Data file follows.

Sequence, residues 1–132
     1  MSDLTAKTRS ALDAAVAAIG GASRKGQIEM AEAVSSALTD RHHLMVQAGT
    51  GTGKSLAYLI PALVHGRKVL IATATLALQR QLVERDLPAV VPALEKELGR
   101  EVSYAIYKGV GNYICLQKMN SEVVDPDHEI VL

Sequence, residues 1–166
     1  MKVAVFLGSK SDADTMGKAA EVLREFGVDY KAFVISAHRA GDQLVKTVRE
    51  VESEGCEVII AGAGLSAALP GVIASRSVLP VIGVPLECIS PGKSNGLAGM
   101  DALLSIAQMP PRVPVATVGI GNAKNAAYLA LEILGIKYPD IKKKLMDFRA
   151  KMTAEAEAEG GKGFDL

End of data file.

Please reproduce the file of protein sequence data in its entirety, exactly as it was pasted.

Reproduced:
Sequence, residues 1–132
     1  MSDLTAKTRS ALDAAVAAIG GASRKGQIEM AEAVSSALTD RHHLMVQAGT
    51  GTGKSLAYLI PALVHGRKVL IATATLALQR QLVERDLPAV VPALEKELGR
   101  EVSYAIYKGV GNYICLQKMN SEVVDPDHEI VL

Sequence, residues 1–166
     1  MKVAVFLGSK SDADTMGKAA EVLREFGVDY KAFVISAHRA GDQLVKTVRE
    51  VESEGCEVII AGAGLSAALP GVIASRSVLP VIGVPLECIS PGKSNGLAGM
   101  DALLSIAQMP PRVPVATVGI GNAKNAAYLA LEILGIKYPD IKKKLMDFRA
   151  KMTAEAEAEG GKGFDL